The Interstate was originally planned as a �continuous viaduct structure.� However, it was redesigned to be �an embankment twenty feet above existing street grid.� The reason for the redesign was to make the highway compatible with the residential areas through which it passed.

The mid 1950�s say the start of right-of-way acquisition through downtown Camden. The route closest to existing railroad rights-of-way was the final choice for the Interstate as to �minimize community disruption.�

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Seeds cast upon supplanted ground grow only through fractures in disposition where latent seeds will grow like desires of man�s own right-of-way.

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On the curve banked left, where right-of-way gives way to eminent domain, second floor windows of row homes edge the highway and are level with the roadway. In one of those windows someone is watching. It is a face, I think, or maybe it was something else. Regardless, I make it a face with eyes set deep and hidden. There is a dark red-brown stain on the concrete below that marks the spot where a once little boy died of complications of youth and mistaken identity and innocence by wearing the same flax jacket made popular by pop-romanticism of pop-pop-cap �em-street-shuffle hustle and song as the other once little boys who sell ancillary dreams in yellow-and-blue-make-green zip-lock top plastic baggies. In the window the face with eyes set deep is hidden, invisible, but I know it is still there because when I close my eyes I can still see it.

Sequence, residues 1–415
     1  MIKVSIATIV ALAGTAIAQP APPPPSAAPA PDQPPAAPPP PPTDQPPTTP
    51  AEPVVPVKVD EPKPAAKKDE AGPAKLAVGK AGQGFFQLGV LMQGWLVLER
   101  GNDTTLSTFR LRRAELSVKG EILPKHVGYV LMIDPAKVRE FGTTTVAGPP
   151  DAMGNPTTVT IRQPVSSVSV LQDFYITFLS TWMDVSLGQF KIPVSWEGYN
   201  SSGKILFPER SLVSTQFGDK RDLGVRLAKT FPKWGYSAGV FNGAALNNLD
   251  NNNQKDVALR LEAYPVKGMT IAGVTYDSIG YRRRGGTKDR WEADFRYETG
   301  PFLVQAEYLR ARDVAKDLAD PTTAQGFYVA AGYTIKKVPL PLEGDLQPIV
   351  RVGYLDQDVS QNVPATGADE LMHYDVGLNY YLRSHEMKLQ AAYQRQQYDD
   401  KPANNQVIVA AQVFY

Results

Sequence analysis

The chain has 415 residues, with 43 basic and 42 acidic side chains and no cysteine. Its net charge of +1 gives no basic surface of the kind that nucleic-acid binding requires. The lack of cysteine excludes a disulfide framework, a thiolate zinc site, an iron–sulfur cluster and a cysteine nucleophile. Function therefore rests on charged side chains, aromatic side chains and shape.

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The first section of I-676 was opened in 1957 when the Walt Whitman Bridge was complete. It ran from the newly constructed bridge to Exit 3, Morgan Boulevard.

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Driving north, overlooking dread, I take accidental risk for a second glance at something perhaps beautiful. It is something in the shape of a tiny pyramid, a pyramid in nature, out of context or into its own alone, changing its cultural, metaphysical and mathematical qualities, like the one on the dollar bill, with the Fitzgeraldian eye. I promise myself that I will remember where the tiny pyramid is and pull over to the side of the road, but I know by tomorrow when I pass this place, I will have forgotten, and so I convince myself that it was only an illusion, an aluminum can, a discarded waxy coffee cup tossed from commuter car to free up a hand to scrounge up change for the bridge toll, pieces of trash that will be picked up by inmates dressed in bright caution orange, weekend criminals sentenced to community service, sentenced to community service, sentenced to community service, sentenced to community service: edge effects.